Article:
THE OATH: Redemption For A Jihadist?

With the release of RISK, we look back at Laura Poitras 2010 documentary.

Disclosure: Tim League co-owns NEON and Birth.Movies.Death.

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Take yourself back to a day in 2003 and picture the world around you. What do you remember? Political unrest? Distrust in those who govern? Uneasiness for what was to come? Do you remember being afraid?

Now, imagine having those same thoughts as a reformed jihadist on the other side of the world. Abu Jandal, the focal point in Laura Poitras’ The Oath, has those same questions. It’s those concerns that keep him up at night.

Poitras’ original intention after 9/11 was to shoot a film based in Guantanamo Bay. In 2003, she traveled to Iraq to gain insight into the notorious prison and those affected by it. She spent time with a lawyer who worked directly with families whose relatives were in Guantanamo. Her story quickly shifted however when she met Abu Jandal, the brother in law to Salim Hamdan, a terrorist imprisoned for working for Osama Bin Laden and who was a possible cohort of the 9/11 terrorist attack. 

Yet Hamdan did not want to be in the film. Poitras simply incorporated his letters into the storyline by voiceover. Hamdan acts as a ghost, haunting the shots of Guantanamo with the voiceover of his letters to his family. “I itch from lack of sunshine,” he writes, as the audience watches the sun rise above the prison. The man is in complete isolation with no real social interaction which appears to be cruel punishment for Hamdan, who is regaled as a sociable person.

His presence haunts Jandal too, but again, so many other things plague this former jihadist. Serving as a bodyguard for Bin Laden for a couple of years, Jandal was in the inner circle of the infamous terrorist. Both Hamdan and Jandal looked to Bin Laden for teaching and confirmation in their own identity.  “A lot of men missed a father figure but they found it in Bin Laden. I was one of those men,” Jandal explained. “I missed kindness in a father but I found it in Bin Laden.” Upon beginning his job as the terrorist’s bodyguard, he took a training course with Al-Qaeda, gaining skills in firearms, guerilla warfare and typography. Jandal proved that the road to hell is paved with good intentions. 

Today, a taxi driver in Yemen, Jandal is completely cut off from the Taliban but still preaches jihad to any impressionable man who will sit and listen. Footage from The Oath shows Jandal’s interviews discussing his broken vow with Bin Laden on a multitude of talk shows including 60 Minutes. Jandal is clearly looking for someone to listen, someone who will understand him, someone who will redeem him – but not redemption as the west would define it. The film’s first few minutes’ captures Jandal’s lack of emotion when it comes to hurting the American people: “It is no longer a question of destroying cement and glass but you have diminished the pride of an empire that rules the world,” he remarks, clearly apathetic to the horror caused by 9/11. Yet later, in an FBI report, Jandal requests for the FBI to “please tell my warmest condolences to the American people from a terrorist who one day used to work with Osama Bin Laden.” Jandal, who smugly points out that his name means ‘One of Death,’ is an enigma, leaving both the audience and the director puzzled.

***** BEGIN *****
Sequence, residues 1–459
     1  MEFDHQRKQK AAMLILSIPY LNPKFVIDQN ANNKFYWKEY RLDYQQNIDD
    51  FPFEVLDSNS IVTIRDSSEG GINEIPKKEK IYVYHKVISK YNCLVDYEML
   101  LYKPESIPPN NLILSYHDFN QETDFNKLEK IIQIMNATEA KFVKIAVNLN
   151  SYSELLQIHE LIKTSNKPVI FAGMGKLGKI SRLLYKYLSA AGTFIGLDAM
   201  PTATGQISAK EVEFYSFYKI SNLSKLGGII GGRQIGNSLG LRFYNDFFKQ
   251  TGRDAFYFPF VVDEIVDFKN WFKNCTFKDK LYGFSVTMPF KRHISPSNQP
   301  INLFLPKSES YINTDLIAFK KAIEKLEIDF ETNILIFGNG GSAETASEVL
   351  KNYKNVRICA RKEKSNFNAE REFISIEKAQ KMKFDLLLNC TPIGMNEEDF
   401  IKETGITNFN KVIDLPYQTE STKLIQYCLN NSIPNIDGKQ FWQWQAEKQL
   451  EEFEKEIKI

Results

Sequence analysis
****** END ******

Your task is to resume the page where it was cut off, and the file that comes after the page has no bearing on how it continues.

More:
Jandal’s cause is one slippery and complex, at least, that is what Poitras determined. In an interview with the New York Times following the release of The Oath to Sundance, Poitras explained, “You have to show the charisma to understand how this organization works. But it also feels like you’re playing with fire because you don’t want to be a mouthpiece for him.” 

It’s hard to be a mouthpiece for a man who has yet to define his own cause. It is explained that Jandal got out of Bin Laden’s inner circle before the 9/11 attacks. He was also in prison in Yemen until 2002, a year before he even met Poitras. He’s a man who has been on the inside of one of the world’s most terrifying organizations, a man who has witnessed terror firsthand and who, if not a part of it, desperately desired to be. Yet, in other scenes, we see a good Muslim and father, waking up his young son, Habib, early each morning to complete prayers to Allah. Every attempt Poitras makes to define Jandal results in the man himself doing an about face, redefining himself by sharing a new piece of information that will frustrate the audience. 

Maybe that’s the elusive quest for Poitras; to define the indefinable, to defend the indefensible, and to find meaning in that which Jandal proves with his life was truly evil intent.

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